The breeding herd established by donors from the United Kingdom was named Herds for Growth (H4G), as its success is intended to be the driver in growing the conservancy. The initial purchase of 45 heifers took place in September 2017 and has increased in size from month to month. Currently, there are 155 heifers in the herd. The average purchase price was approximately $1.16/kg at the local market. Forty-two have been served by a Boran bull. When livestock first is brought to a new location, there is a transition period in which it is not uncommon for livestock to lose weight from the stress of adapting to a new herd and environment. The 45 members of the initial herd of heifers have gained on average 16.2 kg over the last 6 months.


Establishing a multiple enterprise model encompassing SRM is setting a new standard for community conservation that builds on disaster resilience within vulnerable communities. With continued support and adaptive management, the resulting success can be implemented in various rangelands supporting the growth of conservation areas within buffer zones on the edge of protected areas. The multifaceted results offer numerous opportunities for tracking progress as the model progresses.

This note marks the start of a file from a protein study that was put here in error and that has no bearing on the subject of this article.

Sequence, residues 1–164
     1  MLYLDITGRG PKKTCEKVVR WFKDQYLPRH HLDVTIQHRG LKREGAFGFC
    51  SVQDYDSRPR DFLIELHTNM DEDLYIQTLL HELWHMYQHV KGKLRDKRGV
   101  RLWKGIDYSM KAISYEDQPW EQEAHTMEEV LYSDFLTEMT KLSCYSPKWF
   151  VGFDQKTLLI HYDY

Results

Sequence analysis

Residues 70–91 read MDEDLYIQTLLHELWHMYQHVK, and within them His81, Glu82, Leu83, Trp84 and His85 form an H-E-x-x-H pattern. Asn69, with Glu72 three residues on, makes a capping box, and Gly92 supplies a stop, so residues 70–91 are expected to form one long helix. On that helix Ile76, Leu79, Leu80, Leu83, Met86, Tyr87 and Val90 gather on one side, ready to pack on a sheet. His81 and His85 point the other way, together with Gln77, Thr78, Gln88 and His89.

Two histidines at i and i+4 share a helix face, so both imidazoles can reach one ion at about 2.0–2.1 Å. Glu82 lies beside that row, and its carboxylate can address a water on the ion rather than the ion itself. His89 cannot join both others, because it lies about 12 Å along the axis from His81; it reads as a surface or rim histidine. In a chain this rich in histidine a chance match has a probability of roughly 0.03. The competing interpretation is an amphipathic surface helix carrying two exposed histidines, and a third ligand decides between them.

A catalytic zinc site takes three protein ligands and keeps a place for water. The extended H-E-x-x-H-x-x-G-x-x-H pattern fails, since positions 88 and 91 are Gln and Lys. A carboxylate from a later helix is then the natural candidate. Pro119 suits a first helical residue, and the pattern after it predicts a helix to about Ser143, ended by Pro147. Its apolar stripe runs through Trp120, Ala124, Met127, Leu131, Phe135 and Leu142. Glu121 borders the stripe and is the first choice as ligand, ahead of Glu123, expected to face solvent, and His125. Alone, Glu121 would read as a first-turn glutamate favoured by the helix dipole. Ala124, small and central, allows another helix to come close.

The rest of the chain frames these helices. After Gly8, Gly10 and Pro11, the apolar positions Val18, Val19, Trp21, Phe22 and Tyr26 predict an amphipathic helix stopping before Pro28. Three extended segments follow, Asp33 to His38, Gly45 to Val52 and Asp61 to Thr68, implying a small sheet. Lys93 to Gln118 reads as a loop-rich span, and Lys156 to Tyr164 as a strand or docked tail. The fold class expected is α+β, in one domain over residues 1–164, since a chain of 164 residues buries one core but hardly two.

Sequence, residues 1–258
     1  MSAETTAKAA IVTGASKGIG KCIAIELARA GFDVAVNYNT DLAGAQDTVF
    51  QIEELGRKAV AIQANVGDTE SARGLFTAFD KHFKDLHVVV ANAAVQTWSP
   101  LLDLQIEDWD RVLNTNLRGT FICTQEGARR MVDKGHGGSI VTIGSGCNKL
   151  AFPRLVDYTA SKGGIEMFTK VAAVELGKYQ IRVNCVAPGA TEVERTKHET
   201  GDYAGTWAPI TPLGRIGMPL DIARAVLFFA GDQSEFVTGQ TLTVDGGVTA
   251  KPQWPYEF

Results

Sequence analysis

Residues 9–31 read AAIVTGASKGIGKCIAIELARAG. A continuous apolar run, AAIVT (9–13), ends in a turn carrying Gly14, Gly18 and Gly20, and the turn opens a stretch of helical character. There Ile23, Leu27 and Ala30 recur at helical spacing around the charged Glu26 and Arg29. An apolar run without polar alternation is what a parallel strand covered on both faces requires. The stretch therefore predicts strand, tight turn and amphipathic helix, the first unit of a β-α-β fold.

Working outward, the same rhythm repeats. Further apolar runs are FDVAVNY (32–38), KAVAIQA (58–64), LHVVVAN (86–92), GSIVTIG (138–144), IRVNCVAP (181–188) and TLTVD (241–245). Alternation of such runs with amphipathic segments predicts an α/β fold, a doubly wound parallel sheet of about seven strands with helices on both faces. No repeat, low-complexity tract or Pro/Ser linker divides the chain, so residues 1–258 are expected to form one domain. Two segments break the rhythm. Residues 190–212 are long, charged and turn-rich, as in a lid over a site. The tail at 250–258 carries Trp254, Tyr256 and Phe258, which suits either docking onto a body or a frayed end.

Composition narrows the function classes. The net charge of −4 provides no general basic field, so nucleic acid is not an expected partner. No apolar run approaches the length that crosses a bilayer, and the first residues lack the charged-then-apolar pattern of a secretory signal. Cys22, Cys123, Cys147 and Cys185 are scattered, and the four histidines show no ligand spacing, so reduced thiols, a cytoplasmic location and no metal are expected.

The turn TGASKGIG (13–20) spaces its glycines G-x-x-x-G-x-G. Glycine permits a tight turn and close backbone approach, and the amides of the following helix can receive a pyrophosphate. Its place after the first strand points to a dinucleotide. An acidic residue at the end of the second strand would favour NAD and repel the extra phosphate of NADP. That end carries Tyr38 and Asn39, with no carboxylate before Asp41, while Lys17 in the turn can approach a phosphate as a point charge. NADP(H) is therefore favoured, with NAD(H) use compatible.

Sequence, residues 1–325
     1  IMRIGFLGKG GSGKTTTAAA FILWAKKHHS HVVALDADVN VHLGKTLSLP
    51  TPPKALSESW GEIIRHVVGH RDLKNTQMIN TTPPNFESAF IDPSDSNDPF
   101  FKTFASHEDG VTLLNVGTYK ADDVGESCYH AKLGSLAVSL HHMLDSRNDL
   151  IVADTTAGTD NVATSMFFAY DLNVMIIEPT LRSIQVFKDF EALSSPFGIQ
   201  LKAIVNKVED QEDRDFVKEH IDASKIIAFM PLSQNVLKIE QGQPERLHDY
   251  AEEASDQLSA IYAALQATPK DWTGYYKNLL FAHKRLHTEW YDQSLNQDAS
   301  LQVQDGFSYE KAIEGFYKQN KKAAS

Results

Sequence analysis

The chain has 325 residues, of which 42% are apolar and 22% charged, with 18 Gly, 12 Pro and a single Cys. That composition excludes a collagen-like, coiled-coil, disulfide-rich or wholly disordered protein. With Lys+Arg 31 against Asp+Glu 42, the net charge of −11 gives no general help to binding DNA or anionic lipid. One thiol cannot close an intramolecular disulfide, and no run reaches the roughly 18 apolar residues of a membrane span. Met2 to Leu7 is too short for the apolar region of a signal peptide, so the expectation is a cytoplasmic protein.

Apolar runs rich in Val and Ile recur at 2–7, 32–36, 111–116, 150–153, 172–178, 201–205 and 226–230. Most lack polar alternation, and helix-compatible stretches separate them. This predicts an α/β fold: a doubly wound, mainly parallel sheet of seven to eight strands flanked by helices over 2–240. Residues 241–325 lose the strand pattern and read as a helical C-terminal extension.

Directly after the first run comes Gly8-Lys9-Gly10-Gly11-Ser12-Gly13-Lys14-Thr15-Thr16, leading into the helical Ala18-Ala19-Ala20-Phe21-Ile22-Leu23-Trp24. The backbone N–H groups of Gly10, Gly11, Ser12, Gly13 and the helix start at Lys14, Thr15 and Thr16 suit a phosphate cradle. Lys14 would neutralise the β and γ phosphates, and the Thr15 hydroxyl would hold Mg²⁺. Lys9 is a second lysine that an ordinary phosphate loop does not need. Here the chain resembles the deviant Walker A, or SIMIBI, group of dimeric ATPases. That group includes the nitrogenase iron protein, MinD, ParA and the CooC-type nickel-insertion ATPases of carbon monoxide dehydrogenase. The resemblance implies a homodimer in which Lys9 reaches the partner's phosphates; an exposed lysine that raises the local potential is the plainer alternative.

Training Centre Participants

The training center is in the process of developing a program for monitoring and evaluation that could be implemented across the Mara, in conservancies that will participate in SRM. Obtaining baseline data is essential to tracking the success of the program and will yield exciting results in the near future.